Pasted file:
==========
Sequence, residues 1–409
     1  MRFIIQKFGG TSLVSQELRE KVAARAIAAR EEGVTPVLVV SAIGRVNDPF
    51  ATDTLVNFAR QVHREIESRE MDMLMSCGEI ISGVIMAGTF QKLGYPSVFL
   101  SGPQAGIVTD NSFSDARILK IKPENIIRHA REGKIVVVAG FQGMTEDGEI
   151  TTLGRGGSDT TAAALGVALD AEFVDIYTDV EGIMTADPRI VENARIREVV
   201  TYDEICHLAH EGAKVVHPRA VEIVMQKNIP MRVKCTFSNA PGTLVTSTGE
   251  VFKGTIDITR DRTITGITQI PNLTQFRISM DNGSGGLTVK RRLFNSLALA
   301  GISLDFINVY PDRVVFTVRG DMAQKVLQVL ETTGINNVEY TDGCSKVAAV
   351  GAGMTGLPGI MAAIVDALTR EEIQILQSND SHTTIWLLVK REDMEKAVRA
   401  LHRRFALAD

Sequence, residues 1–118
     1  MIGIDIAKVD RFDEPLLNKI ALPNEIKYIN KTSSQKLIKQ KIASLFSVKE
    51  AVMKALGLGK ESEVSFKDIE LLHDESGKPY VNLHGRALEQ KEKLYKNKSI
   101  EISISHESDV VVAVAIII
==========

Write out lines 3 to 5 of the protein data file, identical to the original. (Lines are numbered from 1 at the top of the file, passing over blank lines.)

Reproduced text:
    51  ATDTLVNFAR QVHREIESRE MDMLMSCGEI ISGVIMAGTF QKLGYPSVFL
   101  SGPQAGIVTD NSFSDARILK IKPENIIRHA REGKIVVVAG FQGMTEDGEI
   151  TTLGRGGSDT TAAALGVALD AEFVDIYTDV EGIMTADPRI VENARIREVV